2. Arye Hillman & Niklas Potrafke, 2015. "The UN Goldstone Report and retraction: an empirical investigation," Public Choice, Springer, vol. 163(3), pages 247-266, June.
    3. Arye Hillman, 2007. "Economic and security consequences of supreme values," Public Choice, Springer, vol. 131(3), pages 259-280, June.
    4. Hillman, Arye L., 2010. "Expressive behavior in economics and politics," European Journal of Political Economy, Elsevier, vol. 26(4), pages 403-418, December.
    5. Arye Hillman, 2011. "Expressive voting and identity: evidence from a case study of a group of U.S. voters," Public Choice, Springer, vol. 148(1), pages 249-257, July.
    6. Bozzoli, Carlos & Müller, Cathérine, 2011. "Perceptions and attitudes following a terrorist shock: Evidence from the UK," European Journal of Political Economy, Elsevier, vol. 27(S1), pages 89-106.
    7. Kollias, Christos & Messis, Petros & Mylonidis, Nikolaos & Paleologou, Suzanna-Maria, 2009. "Terrorism and the effectiveness of security spending in Greece: Policy implications of some empirical findings," Journal of Policy Modeling, Elsevier, vol. 31(5), pages 788-802, September.

    More about this item

    Keywords

    counter-terrorism; Defense economics; defensive preemption; international judges; profiling; terror;

    JEL classification:

    • D81 - Microeconomics - - Information, Knowledge, and Uncertainty - - - Criteria for Decision-Making under Risk and Uncertainty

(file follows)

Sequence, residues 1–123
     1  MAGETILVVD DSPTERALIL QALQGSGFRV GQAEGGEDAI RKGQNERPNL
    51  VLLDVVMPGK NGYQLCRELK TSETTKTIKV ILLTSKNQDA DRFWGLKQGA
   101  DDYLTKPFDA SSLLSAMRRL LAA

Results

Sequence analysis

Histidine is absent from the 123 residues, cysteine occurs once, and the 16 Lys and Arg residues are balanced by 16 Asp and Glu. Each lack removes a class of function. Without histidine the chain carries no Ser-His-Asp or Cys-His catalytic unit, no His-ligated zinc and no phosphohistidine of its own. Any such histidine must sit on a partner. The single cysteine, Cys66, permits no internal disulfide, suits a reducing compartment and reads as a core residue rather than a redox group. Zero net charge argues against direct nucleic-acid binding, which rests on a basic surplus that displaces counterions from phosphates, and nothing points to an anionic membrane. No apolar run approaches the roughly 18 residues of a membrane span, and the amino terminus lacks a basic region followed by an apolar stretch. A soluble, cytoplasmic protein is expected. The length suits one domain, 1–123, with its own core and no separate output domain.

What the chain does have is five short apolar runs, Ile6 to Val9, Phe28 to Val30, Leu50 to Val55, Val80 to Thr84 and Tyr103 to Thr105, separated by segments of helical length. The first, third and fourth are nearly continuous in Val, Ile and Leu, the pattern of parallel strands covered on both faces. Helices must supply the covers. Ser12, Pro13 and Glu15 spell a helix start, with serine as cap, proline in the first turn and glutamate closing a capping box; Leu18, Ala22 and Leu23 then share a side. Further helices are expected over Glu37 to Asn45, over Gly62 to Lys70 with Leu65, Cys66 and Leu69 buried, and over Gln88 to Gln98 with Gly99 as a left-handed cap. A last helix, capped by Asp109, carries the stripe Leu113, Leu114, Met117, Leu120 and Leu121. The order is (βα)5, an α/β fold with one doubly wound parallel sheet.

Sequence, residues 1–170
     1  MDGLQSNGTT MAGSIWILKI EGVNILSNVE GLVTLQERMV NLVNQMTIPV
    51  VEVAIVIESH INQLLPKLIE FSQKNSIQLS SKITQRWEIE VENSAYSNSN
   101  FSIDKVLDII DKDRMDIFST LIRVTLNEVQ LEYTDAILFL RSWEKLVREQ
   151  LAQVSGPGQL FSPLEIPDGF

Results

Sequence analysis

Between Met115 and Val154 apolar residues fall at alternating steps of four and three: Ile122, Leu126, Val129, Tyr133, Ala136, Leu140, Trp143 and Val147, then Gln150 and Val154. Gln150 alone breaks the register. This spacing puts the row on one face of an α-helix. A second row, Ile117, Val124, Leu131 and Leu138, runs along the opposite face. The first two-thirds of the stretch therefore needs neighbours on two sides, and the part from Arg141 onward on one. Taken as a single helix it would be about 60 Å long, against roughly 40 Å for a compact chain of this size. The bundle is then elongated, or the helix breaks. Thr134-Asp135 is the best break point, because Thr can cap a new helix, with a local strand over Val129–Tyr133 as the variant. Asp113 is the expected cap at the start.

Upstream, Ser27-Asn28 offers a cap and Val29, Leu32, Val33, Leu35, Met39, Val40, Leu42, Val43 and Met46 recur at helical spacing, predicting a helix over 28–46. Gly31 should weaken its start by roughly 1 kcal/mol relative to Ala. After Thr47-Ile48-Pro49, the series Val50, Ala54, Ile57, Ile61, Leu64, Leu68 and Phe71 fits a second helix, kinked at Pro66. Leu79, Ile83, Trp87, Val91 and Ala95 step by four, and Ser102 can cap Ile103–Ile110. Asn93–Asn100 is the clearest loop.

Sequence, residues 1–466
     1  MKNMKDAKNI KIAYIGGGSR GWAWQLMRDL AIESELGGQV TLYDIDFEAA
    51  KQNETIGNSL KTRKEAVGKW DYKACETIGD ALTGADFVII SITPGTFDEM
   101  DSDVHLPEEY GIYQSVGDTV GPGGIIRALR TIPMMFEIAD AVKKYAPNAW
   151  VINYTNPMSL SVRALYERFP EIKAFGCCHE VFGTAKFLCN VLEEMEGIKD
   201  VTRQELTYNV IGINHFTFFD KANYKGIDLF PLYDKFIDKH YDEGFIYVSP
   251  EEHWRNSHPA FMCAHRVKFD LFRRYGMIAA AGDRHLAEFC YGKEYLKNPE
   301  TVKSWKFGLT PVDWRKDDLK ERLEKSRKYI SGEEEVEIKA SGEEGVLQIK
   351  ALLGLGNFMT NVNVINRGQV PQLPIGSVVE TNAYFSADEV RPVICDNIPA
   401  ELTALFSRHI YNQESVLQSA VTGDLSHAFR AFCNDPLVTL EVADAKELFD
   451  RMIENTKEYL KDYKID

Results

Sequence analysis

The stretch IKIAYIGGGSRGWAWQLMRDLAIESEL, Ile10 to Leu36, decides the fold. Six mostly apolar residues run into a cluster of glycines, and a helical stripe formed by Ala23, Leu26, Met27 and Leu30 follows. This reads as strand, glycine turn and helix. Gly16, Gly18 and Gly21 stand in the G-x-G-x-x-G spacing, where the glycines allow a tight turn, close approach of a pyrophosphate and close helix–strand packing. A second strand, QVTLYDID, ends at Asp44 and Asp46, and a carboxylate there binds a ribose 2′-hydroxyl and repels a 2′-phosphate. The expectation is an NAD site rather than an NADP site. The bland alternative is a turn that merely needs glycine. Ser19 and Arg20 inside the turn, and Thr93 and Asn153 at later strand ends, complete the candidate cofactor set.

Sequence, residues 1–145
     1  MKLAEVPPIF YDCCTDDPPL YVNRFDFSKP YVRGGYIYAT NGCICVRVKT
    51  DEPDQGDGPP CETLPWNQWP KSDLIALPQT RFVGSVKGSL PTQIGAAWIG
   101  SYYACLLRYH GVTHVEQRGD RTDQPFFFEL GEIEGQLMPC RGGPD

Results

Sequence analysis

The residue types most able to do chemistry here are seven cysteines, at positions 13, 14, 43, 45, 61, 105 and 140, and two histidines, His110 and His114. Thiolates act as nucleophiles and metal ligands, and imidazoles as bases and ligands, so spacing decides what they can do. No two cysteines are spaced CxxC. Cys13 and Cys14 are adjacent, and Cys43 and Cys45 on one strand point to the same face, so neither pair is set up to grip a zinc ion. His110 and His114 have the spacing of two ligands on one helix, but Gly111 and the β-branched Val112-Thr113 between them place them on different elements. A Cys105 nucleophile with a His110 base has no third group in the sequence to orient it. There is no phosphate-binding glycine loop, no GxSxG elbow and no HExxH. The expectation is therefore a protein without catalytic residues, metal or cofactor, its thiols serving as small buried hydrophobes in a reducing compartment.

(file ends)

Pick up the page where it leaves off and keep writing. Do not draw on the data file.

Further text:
• H56 - Public Economics - - National Government Expenditures and Related Policies - - - National Security and War

    NEP fields

    This paper has been announced in the following NEP Reports:

    Statistics

    Access and download statistics

    Corrections

    All material on this site has been provided by the respective publishers and authors. You can help correct errors and omissions. When requesting a correction, please mention this item's handle: RePEc:cpr:ceprdp:4736. See general information about how to correct material in RePEc.

    For technical questions regarding this item, or to correct its authors, title, abstract, bibliographic or download information, contact: (). General contact details of provider: .

    If you have authored this item and are not yet registered with RePEc, we encourage you to do it here. This allows to link your profile to this item. It also allows you to accept potential citations to this item that we are uncertain about.

    If CitEc recognized a reference but did not link an item in RePEc to it, you can help with this form .

    If you know of missing items citing this one, you can help us creating those links by adding the relevant references in the same way as above, for each refering item. If you are a registered author of this item, you may also want to check the "citations" tab in your RePEc Author Service profile, as there may be some citations waiting for confirmation.

    Please note that corrections may take a couple of weeks to filter through the various RePEc services.

    IDEAS is a RePEc service hosted by the Research Division of the Federal Reserve Bank of St. Louis . RePEc uses bibliographic data supplied by the respective publishers.